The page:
Free Resource: Praying with Light (Kids: PK-2nd)
Unit Theme (November 12 – November 26): Promises of Hope
As with last week’s reading from Amos, our Narrative Lectionary passage is often seen as an Advent reading. This oracle is looking forward to a future time, a time of light and hope brought about by the promised messiah.
There are in fact (at least) two diverging interpretations of this passage, resulting in two different translations. The traditional Christian interpretation takes this as a prophesy of God’s future action, in which the Messiah brings about a change from darkness into light, oppression into justice, violence into peace. This is how the writer of the Gospel of Matthew interprets it (Matthew 4:12-17). The prophet images the Messiah (Jesus) here as a child, and has a list of titles, including “Mighty God” and “Everlasting Father,” titles only appropriate for God, thus indicating Jesus’ divinity.
A different interpretation (and therefore translation) places the birth of the child in verse 6 in the past tense, something that has already happened. God already placed the authority upon the child’s shoulders. And, the titles in the last half of the verse refer to the LORD, who called the child the “Ruler of Peace.” In this interpretation, the child is Hezekiah, one of the few “good” kings of Judah in this period.
So, which interpretation is correct? I’m sure interpreters can argue about this day and night, but one thing to consider: prophecies can have more than one fulfillment. Perhaps the prophet originally wrote about Hezekiah, but also pointed to the future, when the Messiah will bring light to everyone. It could be that Matthew loved the imagery of this passage and thought it would be a perfect connection to what the Messiah was doing. We just can’t know for certain.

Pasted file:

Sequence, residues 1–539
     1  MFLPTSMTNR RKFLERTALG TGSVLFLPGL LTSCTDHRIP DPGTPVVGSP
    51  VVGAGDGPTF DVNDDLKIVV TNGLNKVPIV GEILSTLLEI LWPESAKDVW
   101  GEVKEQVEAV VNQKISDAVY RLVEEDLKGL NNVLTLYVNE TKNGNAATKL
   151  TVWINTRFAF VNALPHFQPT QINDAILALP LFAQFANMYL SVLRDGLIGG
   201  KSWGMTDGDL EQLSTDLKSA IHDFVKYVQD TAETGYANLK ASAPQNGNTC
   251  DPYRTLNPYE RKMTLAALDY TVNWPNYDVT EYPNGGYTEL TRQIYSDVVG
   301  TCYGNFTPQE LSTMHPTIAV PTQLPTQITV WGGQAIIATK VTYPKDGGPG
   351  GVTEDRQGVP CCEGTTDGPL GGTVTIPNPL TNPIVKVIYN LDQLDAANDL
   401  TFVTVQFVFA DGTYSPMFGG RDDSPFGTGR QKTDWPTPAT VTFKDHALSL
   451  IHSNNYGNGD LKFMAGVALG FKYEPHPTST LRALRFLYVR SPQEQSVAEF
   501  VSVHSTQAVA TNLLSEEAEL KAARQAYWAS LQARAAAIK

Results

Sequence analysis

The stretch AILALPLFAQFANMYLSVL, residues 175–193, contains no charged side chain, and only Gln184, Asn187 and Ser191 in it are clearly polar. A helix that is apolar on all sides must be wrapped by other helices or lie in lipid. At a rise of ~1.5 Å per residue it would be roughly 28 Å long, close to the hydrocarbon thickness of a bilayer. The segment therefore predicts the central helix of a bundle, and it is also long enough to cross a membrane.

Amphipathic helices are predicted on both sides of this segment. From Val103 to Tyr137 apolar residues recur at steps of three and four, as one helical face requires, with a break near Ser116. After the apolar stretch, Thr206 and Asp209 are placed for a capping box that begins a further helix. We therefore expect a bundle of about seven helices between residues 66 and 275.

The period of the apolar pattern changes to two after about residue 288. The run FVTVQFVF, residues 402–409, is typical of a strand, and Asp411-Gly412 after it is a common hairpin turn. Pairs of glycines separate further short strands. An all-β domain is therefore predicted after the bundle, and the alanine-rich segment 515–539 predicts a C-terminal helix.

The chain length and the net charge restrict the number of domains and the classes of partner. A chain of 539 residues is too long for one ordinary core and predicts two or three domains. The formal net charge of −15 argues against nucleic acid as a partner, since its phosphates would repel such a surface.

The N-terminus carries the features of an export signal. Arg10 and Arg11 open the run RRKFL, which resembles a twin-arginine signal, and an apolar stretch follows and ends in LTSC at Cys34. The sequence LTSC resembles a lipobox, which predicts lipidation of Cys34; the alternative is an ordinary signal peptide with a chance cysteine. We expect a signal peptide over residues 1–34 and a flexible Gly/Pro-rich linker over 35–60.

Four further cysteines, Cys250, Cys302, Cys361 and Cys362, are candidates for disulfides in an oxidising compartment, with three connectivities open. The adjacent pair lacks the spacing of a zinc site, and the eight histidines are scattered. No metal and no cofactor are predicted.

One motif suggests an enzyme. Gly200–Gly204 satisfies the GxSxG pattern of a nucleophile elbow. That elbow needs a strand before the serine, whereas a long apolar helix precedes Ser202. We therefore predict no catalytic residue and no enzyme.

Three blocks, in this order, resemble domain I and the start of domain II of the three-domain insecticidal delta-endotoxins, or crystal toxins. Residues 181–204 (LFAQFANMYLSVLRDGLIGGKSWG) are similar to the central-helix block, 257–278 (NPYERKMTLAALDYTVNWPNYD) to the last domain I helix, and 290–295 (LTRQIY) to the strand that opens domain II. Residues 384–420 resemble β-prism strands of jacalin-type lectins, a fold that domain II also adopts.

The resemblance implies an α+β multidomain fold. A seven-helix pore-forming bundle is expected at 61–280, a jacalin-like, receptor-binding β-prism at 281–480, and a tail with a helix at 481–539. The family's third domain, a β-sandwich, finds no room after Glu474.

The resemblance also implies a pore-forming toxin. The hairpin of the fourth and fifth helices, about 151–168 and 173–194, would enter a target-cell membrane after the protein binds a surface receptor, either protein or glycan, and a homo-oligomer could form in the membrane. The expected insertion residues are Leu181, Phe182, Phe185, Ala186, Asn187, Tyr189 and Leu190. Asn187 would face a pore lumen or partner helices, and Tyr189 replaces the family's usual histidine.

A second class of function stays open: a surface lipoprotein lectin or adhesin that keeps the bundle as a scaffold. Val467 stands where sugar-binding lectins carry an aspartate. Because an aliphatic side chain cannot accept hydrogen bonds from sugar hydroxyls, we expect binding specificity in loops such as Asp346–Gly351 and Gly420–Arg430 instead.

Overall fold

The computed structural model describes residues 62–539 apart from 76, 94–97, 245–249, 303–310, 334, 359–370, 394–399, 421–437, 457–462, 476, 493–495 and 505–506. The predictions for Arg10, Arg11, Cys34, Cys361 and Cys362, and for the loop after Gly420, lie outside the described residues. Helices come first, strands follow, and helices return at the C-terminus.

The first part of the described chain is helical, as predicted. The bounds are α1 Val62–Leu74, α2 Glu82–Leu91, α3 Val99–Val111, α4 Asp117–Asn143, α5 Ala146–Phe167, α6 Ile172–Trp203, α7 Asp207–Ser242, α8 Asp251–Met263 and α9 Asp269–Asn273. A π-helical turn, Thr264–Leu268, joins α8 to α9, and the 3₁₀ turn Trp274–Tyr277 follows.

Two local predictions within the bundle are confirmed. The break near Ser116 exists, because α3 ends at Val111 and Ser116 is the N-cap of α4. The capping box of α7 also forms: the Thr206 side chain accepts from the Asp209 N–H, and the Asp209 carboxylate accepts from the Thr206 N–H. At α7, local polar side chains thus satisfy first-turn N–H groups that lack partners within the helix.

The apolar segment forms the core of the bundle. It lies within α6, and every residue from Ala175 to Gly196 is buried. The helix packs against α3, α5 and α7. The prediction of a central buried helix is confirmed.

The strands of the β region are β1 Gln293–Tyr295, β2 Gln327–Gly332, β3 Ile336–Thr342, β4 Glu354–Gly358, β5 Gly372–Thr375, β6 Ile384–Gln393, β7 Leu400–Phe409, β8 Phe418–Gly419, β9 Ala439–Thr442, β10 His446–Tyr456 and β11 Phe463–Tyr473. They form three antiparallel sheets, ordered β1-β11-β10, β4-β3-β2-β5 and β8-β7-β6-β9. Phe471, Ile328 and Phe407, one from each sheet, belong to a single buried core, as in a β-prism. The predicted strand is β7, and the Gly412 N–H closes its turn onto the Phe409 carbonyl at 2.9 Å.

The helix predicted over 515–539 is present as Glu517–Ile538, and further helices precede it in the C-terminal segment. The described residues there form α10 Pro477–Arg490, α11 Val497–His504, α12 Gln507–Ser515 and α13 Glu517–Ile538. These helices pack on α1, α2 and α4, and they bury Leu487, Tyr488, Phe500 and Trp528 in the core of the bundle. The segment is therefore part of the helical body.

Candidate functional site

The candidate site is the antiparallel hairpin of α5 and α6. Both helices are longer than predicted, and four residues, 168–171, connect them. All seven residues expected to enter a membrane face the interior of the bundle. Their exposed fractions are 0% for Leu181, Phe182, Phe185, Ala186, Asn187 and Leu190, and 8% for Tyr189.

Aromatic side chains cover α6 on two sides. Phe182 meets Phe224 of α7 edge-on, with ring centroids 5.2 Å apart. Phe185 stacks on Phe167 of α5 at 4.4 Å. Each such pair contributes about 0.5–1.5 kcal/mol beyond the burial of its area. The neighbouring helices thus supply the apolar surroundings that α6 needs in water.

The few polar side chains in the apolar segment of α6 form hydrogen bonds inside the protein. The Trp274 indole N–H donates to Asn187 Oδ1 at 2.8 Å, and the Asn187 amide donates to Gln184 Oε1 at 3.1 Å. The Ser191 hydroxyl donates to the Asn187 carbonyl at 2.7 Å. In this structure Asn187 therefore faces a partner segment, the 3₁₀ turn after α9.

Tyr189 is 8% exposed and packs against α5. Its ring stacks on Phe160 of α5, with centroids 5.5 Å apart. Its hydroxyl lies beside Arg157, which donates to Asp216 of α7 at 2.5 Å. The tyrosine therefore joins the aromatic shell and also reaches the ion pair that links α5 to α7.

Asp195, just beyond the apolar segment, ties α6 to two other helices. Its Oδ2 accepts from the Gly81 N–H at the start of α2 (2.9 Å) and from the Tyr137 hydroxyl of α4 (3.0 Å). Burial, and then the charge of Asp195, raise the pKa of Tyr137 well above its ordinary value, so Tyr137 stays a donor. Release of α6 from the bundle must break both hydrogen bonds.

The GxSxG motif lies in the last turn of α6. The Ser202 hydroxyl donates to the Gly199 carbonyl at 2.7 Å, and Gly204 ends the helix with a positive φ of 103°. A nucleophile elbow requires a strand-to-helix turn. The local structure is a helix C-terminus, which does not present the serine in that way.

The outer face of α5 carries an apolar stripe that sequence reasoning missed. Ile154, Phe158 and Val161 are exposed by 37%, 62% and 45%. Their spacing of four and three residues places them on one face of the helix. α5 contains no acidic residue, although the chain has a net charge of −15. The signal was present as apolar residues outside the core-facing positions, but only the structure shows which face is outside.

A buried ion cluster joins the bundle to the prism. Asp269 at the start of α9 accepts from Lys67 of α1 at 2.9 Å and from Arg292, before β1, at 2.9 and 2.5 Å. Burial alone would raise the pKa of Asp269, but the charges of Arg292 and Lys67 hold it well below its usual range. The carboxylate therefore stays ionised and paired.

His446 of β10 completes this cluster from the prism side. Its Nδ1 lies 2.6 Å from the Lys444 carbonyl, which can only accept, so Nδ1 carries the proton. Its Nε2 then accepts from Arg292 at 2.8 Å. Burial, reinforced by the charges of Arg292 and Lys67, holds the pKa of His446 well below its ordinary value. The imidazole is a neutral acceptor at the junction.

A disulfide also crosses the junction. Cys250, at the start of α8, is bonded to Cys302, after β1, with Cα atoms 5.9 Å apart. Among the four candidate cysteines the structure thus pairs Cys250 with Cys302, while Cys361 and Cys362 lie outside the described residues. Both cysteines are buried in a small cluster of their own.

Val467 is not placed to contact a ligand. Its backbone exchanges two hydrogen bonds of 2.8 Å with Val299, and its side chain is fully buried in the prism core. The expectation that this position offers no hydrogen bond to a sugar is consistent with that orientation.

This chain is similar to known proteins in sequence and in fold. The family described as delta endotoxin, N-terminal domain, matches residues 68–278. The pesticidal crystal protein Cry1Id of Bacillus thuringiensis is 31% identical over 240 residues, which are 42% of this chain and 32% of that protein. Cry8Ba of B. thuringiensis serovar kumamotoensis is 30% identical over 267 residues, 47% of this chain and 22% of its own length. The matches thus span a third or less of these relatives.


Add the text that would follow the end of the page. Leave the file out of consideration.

Not to say getting to the best interpretation doesn’t matter, but the Bible doesn’t always lend itself to clear-cut answers. But, we see that God, through some agent, has, is, and will bring light, hope, joy, and peace to a people who are mired in the darkness of fear, despair, and violence. A child of God’s choosing will bring peace.
Praying Light into the Dark
A good way to approach this text from a faith formation perspective that includes younger children is to focus on the contrasting imagery of the passage, especially that of light and darkness. Connect this contrast with sadness/fear and joy/hope. This is what the activity in our free resource for the week does. In the activity “Praying with Light” a simple liturgy is provided for participants to praise God for the blessings they see around them with the response of “Praise God, who brings light to dark places!” Participants may also pray for places of darkness around us.
This activity was created for our Living the Word: Kids (3rd-6th) curriculum, but you can adapt it for any and all ages, and even use it in worship. You can integrate the prayers in a scripted call-and-response, but I think that inviting participants to call out praises and prayers is an important part of offering this as a faith formation experience.
For more great ideas on how to engage participants of all ages in the story of God’s love, check out our Living the Word series for elementary students, youth, adults, and intergenerational settings!
What are your thoughts? How are you planning to engage this passage in your faith formation context?
-Gregory Rawn (Publisher)
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